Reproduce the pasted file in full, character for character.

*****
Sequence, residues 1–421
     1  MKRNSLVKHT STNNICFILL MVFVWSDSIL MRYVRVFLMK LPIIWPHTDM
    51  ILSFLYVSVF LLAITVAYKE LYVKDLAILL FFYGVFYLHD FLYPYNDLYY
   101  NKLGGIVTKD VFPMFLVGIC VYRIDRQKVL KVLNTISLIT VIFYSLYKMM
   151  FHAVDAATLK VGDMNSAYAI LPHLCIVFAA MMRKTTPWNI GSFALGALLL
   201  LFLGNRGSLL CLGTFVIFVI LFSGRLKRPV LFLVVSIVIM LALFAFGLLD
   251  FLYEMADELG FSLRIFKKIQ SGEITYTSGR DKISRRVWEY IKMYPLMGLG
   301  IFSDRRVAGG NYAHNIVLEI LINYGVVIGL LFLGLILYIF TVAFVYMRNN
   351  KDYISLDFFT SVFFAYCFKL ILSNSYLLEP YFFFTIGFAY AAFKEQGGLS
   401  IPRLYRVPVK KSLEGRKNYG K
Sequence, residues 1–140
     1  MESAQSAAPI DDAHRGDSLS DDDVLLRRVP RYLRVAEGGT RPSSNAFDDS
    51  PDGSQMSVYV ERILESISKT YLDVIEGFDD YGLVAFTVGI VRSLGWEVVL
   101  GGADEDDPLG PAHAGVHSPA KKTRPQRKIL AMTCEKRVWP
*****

Sequence, residues 1–421
     1  MKRNSLVKHT STNNICFILL MVFVWSDSIL MRYVRVFLMK LPIIWPHTDM
    51  ILSFLYVSVF LLAITVAYKE LYVKDLAILL FFYGVFYLHD FLYPYNDLYY
   101  NKLGGIVTKD VFPMFLVGIC VYRIDRQKVL KVLNTISLIT VIFYSLYKMM
   151  FHAVDAATLK VGDMNSAYAI LPHLCIVFAA MMRKTTPWNI GSFALGALLL
   201  LFLGNRGSLL CLGTFVIFVI LFSGRLKRPV LFLVVSIVIM LALFAFGLLD
   251  FLYEMADELG FSLRIFKKIQ SGEITYTSGR DKISRRVWEY IKMYPLMGLG
   301  IFSDRRVAGG NYAHNIVLEI LINYGVVIGL LFLGLILYIF TVAFVYMRNN
   351  KDYISLDFFT SVFFAYCFKL ILSNSYLLEP YFFFTIGFAY AAFKEQGGLS
   401  IPRLYRVPVK KSLEGRKNYG K
Sequence, residues 1–140
     1  MESAQSAAPI DDAHRGDSLS DDDVLLRRVP RYLRVAEGGT RPSSNAFDDS
    51  PDGSQMSVYV ERILESISKT YLDVIEGFDD YGLVAFTVGI VRSLGWEVVL
   101  GGADEDDPLG PAHAGVHSPA KKTRPQRKIL AMTCEKRVWP